Decentralized renewables are pointing entrepreneurs to sustainable jobs, report
Power for All, the global campaign to end energy poverty, has released its second Decentralized Renewable Energy (DRE) jobs report; supported by GET.invest, Good Energies Foundation, and The Rockefeller Foundation.
The industry’s most comprehensive emerging markets employment census shows increased demand for DRE solutions is creating hundreds of thousands of formal and informal jobs.
The sector is becoming a major employment engine, especially in remote rural areas in emerging and developing economies where poverty and unemployment levels are high. In addition, it is helping achieve universal electricity access while supporting the world’s transition to clean energy.
In order to realize the full social and economic benefits of DRE, the report calls for concerted efforts from all stakeholders in the public, private, and non-profit sectors to ensure the necessary human capital is in place.
Kristina Skierka, CEO, Power for All: “With DRE recovering from the impact of the pandemic faster than the broader economy its promise is clear, however significant challenges remain. Energy regulations need to be overhauled to accommodate renewables and other energy innovations, foreign investment encouraged, and structural issues like access to foreign capital and licensing restrictions resolved in order to grow DRE jobs and realize the sector’s full potential.”
According to the report, the DRE sector is a significant contributor to job creation in energy poor countries with the potential to create direct employment for up to half a million people in Africa by 2030. The sector showed great resilience in the face of COVID-19 with jobs returning in 2021 and now surpassing pre-pandemic levels in most of the study countries.
DRE–which includes pico-solar, appliances, solar home systems (SHS), commercial and industrial (C&I) standalone systems, and mini-grids–has an important role to play in accelerating United Nations Sustainable Development Goal 7 (universal access to clean reliable and affordable energy) especially in remote rural communities, and efforts towards reducing greenhouse gas emissions.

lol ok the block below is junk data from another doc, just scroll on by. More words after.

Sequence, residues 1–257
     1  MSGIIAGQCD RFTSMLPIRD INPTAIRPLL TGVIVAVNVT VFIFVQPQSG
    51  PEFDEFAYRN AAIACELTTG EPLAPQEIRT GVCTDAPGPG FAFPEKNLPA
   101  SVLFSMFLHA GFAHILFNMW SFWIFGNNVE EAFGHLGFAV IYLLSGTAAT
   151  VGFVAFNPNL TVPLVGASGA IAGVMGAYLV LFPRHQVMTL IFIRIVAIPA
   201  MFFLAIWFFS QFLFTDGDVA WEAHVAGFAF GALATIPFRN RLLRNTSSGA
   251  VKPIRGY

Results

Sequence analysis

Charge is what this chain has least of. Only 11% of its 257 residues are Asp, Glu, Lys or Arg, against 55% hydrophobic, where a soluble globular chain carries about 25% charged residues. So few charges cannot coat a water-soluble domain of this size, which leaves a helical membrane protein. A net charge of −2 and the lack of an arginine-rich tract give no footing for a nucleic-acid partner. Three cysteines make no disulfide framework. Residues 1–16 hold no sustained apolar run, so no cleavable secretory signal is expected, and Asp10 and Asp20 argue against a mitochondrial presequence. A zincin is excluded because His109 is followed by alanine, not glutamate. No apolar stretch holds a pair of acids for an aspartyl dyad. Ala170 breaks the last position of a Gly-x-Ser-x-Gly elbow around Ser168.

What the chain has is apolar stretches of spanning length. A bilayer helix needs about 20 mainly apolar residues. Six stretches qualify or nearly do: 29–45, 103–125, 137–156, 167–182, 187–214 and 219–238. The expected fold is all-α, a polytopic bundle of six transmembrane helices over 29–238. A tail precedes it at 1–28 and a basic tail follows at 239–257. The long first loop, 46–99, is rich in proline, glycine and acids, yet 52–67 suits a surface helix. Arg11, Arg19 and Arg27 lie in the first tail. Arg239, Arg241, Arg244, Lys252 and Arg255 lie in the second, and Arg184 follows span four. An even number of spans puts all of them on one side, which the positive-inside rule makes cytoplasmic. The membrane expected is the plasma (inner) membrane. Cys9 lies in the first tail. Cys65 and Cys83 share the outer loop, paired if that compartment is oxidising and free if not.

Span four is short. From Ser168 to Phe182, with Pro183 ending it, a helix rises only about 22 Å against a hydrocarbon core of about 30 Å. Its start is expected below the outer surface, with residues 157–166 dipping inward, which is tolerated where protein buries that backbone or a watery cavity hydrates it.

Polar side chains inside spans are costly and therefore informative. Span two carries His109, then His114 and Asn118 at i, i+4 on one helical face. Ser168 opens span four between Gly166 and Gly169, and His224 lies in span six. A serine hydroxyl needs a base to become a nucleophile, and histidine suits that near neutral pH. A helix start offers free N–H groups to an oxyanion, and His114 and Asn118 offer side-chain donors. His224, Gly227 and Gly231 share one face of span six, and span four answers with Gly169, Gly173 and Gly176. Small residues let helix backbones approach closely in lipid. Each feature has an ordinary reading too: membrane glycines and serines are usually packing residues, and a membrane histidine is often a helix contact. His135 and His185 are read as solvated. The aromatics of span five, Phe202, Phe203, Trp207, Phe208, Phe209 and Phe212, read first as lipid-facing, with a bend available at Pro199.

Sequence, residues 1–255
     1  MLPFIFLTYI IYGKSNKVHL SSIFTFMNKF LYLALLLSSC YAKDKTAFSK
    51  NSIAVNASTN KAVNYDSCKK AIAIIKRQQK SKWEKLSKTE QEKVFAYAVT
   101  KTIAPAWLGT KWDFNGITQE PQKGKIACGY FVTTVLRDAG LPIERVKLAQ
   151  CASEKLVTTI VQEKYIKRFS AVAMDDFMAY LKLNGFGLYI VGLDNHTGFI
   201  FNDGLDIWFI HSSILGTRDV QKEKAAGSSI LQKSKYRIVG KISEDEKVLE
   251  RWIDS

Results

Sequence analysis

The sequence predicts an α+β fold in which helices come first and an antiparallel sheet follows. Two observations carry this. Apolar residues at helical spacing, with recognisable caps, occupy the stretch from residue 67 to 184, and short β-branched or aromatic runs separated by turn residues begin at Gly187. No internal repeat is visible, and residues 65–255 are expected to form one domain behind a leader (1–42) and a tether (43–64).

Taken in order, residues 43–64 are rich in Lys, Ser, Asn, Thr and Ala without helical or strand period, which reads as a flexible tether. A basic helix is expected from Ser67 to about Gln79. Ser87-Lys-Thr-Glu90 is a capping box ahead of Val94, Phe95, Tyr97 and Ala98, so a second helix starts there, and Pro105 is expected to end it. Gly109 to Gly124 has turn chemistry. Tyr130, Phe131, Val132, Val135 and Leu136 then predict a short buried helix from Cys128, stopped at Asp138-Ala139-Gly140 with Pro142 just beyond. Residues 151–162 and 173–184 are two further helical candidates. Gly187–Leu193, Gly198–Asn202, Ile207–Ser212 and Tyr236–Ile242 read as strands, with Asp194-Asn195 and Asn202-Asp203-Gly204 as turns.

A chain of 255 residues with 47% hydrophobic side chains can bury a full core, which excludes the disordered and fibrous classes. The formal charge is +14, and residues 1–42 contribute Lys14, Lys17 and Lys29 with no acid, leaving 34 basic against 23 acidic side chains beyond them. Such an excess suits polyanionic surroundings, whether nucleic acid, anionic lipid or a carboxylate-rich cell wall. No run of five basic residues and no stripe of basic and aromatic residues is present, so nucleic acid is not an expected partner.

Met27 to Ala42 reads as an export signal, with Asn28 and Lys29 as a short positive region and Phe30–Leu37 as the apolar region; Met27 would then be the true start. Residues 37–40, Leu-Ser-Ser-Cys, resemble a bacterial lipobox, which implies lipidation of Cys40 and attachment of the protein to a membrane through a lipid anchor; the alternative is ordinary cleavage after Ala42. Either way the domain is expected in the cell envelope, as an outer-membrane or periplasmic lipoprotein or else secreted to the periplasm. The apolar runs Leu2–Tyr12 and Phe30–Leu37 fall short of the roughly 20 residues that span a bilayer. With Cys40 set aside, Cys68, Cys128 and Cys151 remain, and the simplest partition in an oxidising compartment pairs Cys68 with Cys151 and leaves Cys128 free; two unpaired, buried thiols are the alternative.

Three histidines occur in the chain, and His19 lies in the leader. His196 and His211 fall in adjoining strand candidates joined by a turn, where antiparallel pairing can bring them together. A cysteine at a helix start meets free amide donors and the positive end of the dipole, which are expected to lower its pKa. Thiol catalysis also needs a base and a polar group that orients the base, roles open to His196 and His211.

The sector has also been a source of ‘productive’ and ‘decent’ employment, especially in emerging economies where employment is a major focus of United Nations Sustainable Development Goal 8 (inclusive and sustainable economic growth, employment and decent work for all). The rapid recovery of jobs following the pandemic proves the sector’s resilience, indicating those jobs are likely immune to the worst recessionary pressures.
Suman Sureshbabu, Managing Director, Demand, Jobs and Livelihoods at the Global Energy Alliance for People and Planet (GEAPP): "Access to energy transforms every facet of life and over the past decade, technologies have been rapidly replacing fossil fuels as the most cost-effective building blocks for powering economic development. The Powering Jobs Reports demonstrates the green job creation potential of the vibrant DRE sector, especially for entrepreneurship and small enterprise development."
Power for All’s “Powering Jobs Census 2022: The Energy Access Workforce” report provides a comprehensive overview of employment in the DRE sector, including skill levels, training opportunities, compensation, participation of women and youth, and job retention. It is based on a survey of more than 350 companies and focus groups across five countries: Ethiopia, India, Kenya, Nigeria, and Uganda. The survey collected employment and sales data from 2019 to 2021 as well as projections for 2022-2023.
The growth and resilience exhibited by DRE in this report strengthens the case for increased support from government and development partners, to not only achieve the elusive universal energy access, but to tap into its job creation potential to accelerate rural development and poverty reduction efforts. As the world continues its transition from fossil fuels into renewable energy an increasingly skilled workforce will be critical.